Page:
London (Wallace Collection): ? 60 (+12.7 missing), 4.8,?, ?
Fitzwilliam: 105.5, 86.6, 3.7, 23.7, 32.3
Private Collection (UK): 114, 88.7, ?, 25, 20.2

Happy

ChadA

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Nathan Robinson
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PostPosted: Sat 09 Apr, 2011 7:53 pm    Post subject:         Reply with quote

As mentioned above, this sword is now a part of the Metropolitan Museum of Art collection. It is now viewable online.

Hand-and-half sword, ca. 14001430

It was announced in their Art Bulletin in 2007 as a new acquisition.

Probably Germany
Steel and copper alloy
L. 49 1/8 in. (124.8 cm), Wt. 3 lbs. 7 oz. (1560 g)

Gift of Laird and Kathleen Landmann in memory of Edmund Roy Hofmann, 2006 (2006.564)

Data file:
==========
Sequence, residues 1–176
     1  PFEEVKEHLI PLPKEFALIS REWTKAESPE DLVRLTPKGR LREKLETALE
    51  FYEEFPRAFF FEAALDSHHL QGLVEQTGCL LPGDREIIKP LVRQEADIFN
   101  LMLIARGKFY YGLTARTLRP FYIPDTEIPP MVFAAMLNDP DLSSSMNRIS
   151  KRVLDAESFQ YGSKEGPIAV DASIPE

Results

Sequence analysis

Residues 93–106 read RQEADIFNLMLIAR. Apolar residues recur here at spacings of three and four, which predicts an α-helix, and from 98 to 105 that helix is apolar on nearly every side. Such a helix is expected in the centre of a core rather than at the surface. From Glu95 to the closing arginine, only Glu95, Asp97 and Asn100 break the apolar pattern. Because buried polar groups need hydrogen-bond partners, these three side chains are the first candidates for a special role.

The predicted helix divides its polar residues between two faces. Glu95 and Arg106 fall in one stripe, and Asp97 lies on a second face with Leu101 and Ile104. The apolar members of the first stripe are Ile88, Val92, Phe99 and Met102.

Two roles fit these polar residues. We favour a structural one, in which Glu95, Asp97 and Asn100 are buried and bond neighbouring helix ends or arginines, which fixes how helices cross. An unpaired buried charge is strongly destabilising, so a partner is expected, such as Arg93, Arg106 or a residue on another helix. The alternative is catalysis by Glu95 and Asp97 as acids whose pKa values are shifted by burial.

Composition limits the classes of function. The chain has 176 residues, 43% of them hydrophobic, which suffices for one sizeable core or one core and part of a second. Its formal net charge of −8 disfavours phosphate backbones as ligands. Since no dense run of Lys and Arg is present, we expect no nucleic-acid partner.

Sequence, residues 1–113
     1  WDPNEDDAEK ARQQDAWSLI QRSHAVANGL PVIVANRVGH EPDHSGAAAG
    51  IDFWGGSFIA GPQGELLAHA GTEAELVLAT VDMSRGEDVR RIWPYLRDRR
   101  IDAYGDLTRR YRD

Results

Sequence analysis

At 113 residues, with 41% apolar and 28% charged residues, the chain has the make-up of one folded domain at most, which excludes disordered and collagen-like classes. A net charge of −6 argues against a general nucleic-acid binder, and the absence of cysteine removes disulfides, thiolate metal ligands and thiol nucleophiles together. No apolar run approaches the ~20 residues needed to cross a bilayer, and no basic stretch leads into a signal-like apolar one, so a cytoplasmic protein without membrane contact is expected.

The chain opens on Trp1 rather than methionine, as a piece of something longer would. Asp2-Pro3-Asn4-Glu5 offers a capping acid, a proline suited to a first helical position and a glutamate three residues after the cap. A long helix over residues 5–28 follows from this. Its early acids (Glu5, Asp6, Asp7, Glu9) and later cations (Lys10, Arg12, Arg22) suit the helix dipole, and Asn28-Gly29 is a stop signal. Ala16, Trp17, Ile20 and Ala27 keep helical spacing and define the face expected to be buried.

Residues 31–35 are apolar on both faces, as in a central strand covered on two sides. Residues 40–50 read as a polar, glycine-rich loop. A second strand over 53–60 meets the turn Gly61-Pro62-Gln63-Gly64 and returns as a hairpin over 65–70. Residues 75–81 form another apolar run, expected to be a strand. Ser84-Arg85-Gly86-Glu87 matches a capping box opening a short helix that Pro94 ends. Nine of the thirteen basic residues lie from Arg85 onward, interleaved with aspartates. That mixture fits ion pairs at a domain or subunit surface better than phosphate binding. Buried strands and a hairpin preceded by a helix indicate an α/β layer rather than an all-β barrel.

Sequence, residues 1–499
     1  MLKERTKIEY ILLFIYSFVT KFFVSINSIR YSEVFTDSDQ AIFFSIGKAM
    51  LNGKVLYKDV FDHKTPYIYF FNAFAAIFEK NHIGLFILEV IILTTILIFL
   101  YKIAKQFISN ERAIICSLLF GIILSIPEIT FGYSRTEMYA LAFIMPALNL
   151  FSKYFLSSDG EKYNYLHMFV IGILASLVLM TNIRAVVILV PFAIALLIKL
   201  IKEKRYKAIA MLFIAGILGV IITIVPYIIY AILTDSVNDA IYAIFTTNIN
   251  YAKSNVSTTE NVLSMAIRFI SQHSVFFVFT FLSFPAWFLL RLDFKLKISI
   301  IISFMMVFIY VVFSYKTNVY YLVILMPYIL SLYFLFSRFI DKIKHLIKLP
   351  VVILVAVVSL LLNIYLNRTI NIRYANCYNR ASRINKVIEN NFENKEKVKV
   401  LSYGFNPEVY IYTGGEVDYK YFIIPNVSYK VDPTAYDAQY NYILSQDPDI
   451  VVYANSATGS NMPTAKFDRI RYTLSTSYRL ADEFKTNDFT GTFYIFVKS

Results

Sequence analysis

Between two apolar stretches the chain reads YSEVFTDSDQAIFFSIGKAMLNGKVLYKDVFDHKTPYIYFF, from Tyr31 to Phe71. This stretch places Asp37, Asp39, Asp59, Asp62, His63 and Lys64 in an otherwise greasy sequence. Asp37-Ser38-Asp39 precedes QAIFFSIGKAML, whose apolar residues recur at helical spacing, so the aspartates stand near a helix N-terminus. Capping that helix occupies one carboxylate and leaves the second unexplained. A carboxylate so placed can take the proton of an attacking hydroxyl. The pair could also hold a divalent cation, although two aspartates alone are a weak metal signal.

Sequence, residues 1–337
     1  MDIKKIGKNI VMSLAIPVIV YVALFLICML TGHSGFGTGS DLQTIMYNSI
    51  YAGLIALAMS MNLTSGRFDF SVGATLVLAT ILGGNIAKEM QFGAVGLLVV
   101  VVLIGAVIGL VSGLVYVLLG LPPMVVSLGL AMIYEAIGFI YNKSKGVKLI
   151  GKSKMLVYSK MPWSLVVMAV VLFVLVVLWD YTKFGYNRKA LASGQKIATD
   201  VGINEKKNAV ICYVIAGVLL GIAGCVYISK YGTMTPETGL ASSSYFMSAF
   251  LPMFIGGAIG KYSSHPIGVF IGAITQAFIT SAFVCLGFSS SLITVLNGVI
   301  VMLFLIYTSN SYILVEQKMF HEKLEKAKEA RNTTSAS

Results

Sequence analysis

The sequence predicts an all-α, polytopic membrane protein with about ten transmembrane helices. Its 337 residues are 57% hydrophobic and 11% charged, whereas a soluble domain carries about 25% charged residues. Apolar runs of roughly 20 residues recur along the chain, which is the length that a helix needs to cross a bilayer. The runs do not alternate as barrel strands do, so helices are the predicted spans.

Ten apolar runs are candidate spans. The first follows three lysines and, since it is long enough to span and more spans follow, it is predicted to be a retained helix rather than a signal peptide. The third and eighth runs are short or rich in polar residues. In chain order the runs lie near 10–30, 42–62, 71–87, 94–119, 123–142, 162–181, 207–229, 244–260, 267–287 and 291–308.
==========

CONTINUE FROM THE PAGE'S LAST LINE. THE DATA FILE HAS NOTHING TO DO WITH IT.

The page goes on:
Source: Hand-and-half sword [Probably Germany] (2006.564) | Heilbrunn Timeline of Art History | The Metropolitan Museum of Art

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Nathan Robinson
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PostPosted: Mon 29 Sep, 2014 2:25 pm    Post subject:         Reply with quote

I recently shared this sword on the myArmoury.com Facebook page. I'm bumping it here in case newer myArmoury.com members haven't seen it. It's a beauty!



Quote:
Hand-and-a-Half Oakeshott Type XVII Sword, circa 14001430
Probably German